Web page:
Mumbai Rains: Schools, colleges closed, flights cancelled | AIB


The torrential rain hit Mumbai and its outskirts for the second day, prompting a massive interruption in-flight procedures, delaying suburban train services and forcing a large number of people to stay indoors. However, even though the heavy downpour towards the latter half of September came as a surprise, civic services were not as badly hit as the last time.

Schools and colleges in Mumbai metropolitan region were ordered closed given torrential rains, no deaths or significant damage to property are reported.


Air services at the Mumbai terminal were miscued, with 108 flights canceled and extra 51 redirected to nearby airports till this morning due to massive rain and closing of the main runway after a SpiceJet aircraft skidded, overshot the runway and got stuck in the mud, blocking it, an airport official said.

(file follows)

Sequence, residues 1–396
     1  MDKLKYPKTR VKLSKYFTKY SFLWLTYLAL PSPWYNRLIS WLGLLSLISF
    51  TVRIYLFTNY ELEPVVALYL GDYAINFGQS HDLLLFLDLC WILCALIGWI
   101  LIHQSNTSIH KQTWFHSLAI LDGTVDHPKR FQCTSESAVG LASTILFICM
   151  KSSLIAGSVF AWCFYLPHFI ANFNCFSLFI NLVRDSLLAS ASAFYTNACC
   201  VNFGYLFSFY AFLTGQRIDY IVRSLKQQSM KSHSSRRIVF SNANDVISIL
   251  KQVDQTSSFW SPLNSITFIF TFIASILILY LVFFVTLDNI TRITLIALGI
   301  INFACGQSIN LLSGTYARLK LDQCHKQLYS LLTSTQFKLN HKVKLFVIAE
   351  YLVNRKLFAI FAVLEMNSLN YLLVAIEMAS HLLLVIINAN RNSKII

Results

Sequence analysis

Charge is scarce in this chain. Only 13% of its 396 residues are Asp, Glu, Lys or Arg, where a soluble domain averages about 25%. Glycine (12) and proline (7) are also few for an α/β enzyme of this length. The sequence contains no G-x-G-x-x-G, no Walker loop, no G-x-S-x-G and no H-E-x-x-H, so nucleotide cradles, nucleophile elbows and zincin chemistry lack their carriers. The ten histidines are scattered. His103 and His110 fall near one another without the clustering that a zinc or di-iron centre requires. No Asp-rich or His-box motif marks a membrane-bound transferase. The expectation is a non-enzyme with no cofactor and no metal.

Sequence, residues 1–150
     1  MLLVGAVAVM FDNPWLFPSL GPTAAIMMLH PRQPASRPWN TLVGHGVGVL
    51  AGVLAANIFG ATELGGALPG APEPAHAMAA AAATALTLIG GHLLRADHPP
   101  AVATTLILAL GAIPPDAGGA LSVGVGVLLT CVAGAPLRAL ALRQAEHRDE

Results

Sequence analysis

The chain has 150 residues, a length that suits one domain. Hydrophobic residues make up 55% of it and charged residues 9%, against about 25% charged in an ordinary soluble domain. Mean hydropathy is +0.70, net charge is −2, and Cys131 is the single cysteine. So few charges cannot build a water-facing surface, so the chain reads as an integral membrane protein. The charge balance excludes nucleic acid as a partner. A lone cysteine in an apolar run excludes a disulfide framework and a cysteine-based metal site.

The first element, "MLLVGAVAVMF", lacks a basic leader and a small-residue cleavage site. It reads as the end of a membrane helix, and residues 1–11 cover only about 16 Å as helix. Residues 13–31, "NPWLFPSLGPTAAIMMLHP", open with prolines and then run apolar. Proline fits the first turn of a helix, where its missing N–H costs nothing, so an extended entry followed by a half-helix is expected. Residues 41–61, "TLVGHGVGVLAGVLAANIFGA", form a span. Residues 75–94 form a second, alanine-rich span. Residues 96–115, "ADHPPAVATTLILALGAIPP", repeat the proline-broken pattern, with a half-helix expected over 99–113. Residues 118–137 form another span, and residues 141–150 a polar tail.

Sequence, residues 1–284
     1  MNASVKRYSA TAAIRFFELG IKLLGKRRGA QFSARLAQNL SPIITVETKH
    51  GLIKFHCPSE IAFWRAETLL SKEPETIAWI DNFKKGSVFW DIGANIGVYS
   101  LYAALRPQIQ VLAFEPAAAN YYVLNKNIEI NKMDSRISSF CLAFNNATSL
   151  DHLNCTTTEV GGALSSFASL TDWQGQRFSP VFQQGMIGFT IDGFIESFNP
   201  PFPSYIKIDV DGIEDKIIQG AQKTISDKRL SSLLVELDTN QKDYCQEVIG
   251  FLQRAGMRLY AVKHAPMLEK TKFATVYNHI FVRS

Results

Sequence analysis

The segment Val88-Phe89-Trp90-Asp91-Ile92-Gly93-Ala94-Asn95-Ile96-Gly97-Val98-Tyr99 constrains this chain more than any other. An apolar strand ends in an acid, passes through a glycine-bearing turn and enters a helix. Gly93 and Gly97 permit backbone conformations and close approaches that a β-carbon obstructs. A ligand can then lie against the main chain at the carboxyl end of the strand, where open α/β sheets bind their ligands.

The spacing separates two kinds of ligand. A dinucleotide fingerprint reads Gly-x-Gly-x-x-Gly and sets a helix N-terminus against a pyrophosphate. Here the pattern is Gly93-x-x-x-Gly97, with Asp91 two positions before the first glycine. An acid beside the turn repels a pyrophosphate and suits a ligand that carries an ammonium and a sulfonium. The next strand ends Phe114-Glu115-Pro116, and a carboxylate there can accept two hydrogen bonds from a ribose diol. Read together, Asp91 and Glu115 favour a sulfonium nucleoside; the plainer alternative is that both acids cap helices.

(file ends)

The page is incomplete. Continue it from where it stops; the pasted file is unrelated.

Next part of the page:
Data from the India Meteorological Department (IMD) explained that over 24 hours, Mumbai recorded about 304 mm of rain, the 312mm standard set for the whole month of September—which means it rained in one day almost as much as it usually does over a month!

The sudden force of this spell was visible from the evidence that it was the second wettest September day in IMD's over 100-year recorded history. "The Intergovernmental Panel on Climate Change (IPCC) has said that owing to climate change we'll keep seeing such torrential rains over short intervals," said Prof Kapil Gupta of IIT, referring to the extreme nature of the phenomenon.


The ongoing spell of torrential downpour accompanied by gusty winds prompted waterlogging in new areas. Not just the usual low-lying areas of Khar and Kalina, even parts of western outskirts such as Dahisar, Marol, and Bandra that unusually report waterlogging were immersed in knee-deep waters.

Vehicular traffic was moving but at a slower pace, including on the Eastern and Western Express Highway, the two major arterial roads in the metropolis.

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